The roots of the biodynamic community on the North American continent go very deep — all the way back, to the first conference in 1933 at Threefold Farm in Spring Valley, NY. Ehrenfried Pfeiffer, a student of Dr. Rudolf Steiner, was in attendance. Five years later, a small group* met at the headquarters of the Anthroposophical Society in America to form the Bio-Dynamic Farming and Gardening Association (now known as the Biodynamic Association) on January 8, 1938.

Looking back, it is tremendously humbling to consider the history of this association. We are so grateful to the many committed farmers and gardeners who shepherded the biodynamic impulse in North America over the decades, bringing it from its small beginning to the diverse and dynamic community that it is today. We are proud to share some of the early history with you, and hope that you — our members and friends — will share your own stories so that we can all develop a richer understanding of our story as an association and as a community. 

Beginnings

After the first meeting in January 1938, the Association quickly took the necessary legal steps to become an organization. Formal incorporation papers were filed on February 2, and they developed by-laws and elected officers. 175 people came together in March that year for a biodynamic conference at Threefold Farm. Some of the topics included biodynamics for beginners, converting a farm, experimental proof of the effectiveness of the biodynamic preparations, home gardening, farm accounting, and a healthy social order. By the end of the year, the Association had listed 37 farms and 31 gardens.

Ehrenfried Pfeiffer played a crucial leadership role in the early decades of the Association. In 1940, at the age of 40, he immigrated to the United States and was elected to the Board. The Association moved its headquarters that year from Threefold Farm to Kimberton Farms in Phoenixville, PA. The Association also recognized the need for a "Bio-Dynamic News Sheet," which Pfeiffer volunteered to oversee. The first issue of tthe Biodynamics journal was published in the summer of 1941, one year before J. I. Rodale started Organic Farming and Gardening magazine. Biodynamics has remained in continuous publication since that first issue. Pfeiffer continued to provide leadership until his death in 1961.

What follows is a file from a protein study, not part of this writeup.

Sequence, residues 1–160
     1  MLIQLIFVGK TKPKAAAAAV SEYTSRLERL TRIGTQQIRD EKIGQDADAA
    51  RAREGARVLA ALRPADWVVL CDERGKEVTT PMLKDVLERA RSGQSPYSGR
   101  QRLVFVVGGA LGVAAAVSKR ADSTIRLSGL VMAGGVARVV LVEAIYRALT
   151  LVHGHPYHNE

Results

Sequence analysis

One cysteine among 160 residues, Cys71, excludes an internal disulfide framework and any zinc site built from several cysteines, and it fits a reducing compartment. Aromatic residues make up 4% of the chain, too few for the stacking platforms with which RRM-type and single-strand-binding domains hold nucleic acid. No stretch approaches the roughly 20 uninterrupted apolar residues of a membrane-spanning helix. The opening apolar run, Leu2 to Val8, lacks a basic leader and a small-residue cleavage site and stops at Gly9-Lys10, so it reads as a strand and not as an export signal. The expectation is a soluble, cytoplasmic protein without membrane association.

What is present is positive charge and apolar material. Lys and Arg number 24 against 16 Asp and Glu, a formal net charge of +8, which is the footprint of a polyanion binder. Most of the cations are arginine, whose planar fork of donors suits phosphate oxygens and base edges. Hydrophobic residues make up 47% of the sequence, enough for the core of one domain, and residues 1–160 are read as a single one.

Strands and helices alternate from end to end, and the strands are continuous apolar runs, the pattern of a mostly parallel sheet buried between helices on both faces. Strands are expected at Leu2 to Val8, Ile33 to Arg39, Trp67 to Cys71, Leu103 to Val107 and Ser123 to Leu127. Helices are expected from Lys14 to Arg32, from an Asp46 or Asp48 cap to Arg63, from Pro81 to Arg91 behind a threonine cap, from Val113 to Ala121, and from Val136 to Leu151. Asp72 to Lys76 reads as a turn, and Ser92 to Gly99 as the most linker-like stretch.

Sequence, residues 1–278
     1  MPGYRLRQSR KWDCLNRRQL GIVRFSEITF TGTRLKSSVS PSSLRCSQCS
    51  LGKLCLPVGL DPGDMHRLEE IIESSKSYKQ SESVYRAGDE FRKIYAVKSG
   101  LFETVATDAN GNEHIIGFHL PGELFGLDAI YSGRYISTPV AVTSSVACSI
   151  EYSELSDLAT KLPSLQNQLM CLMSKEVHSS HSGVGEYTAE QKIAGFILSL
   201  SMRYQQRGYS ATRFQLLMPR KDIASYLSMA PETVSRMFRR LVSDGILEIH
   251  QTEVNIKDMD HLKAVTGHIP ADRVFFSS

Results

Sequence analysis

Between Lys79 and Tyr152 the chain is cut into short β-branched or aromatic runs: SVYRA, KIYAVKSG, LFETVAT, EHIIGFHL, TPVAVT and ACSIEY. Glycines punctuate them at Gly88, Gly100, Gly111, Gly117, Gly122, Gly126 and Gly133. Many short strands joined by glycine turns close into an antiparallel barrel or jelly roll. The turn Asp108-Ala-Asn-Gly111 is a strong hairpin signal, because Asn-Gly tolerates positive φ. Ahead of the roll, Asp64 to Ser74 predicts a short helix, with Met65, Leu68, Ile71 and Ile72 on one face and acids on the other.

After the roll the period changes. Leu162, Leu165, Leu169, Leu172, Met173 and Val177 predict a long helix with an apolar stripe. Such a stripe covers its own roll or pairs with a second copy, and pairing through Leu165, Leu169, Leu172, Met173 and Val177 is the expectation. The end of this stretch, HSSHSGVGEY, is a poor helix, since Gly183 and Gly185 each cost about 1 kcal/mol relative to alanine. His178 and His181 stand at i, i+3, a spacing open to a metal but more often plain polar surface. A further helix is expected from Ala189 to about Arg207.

Telling Our Story

So much has happened over the span of 80 years, much of it recorded in the volumes of the Biodynamics journal. We've archived many of our historical photos (some of which you can see in the upcoming Winter 2018 issue of the journal) and compiled important dates and information. But with such a long history on such a large continent, we know we have only documented a portion of the history. As part of understanding who we are as an organization and as a broader biodynamic movement, we hope to hear from those who experienced some of this history and who have been so committed to stewarding biodynamic agriculture over the years. We are grateful for all the wisdom and effort that have brought us to this moment, so that we are growing and thriving, “80 years young.”

If you have memories, stories, information, or photos to share with the larger biodynamic community, please let us know. We will make what we receive available online over the course of the year, and members can look forward to the upcoming Winter anniversary issue of Biodynamics, with articles that link our growth over the decades to our work together in the twenty-first century.

* The original convenors of the Biodynamic Association included O.F. Gardner (President), Roger Hale (Vice President), Fred Heckel (Secretary-Treasurer), F. Langdon Davis (Board member), Robert Bowler, Louise Bybee, Ralph Courtney, Ernest Daniel, Esther Eaton, Ernst Fetzer, Christoph Linder, Henry Monges, M.J.L. Neuscheller, H.S. Richmond, Wilhelm Schmidt, Evelyn Speiden, and George Steifler.

Read "Ehrenfried Pfeiffer, the Threefold Community, and the Birth of Biodynamics in America" by Bill Day for more on the early history.


Rebecca Briggs (rebecca@biodynamics.com) has worked for the Biodynamic Association since the summer of 2007, when she started part time as editor of the Biodynamics journal. She currently holds Communications, Website, and Media roles and works with Journal Editor Karen Davis-Brown in various editorial roles.

Comments

karendavisbrown said:

Is that Traugher Groh?

Rod said:

Yes that is Trauger. I took that photo when he and Alice Bennet and I visited Joe Tooker's garden in California. It was perhaps 1985 or '86. The BDA felt that Trauger's ideas of a "Community Farm" really needed to be spread and we arranged a speaking tour. It was a memorable trip, the whole CSA concept was in its infancy. I and my wife Jill were running the BD office and Association at that time. I was Executive Director. -Rod Shouldice

karendavisbrown replied:

Thanks so much, Rod, for confirming my guess. I first learned about CSAs from a workshop by Traugher in the early 2000s; must have been  BDA conference, though can't quite remember where. But, I think about what I learned there all the time.

If you have photos or would like to share your story, please let the BDA know.

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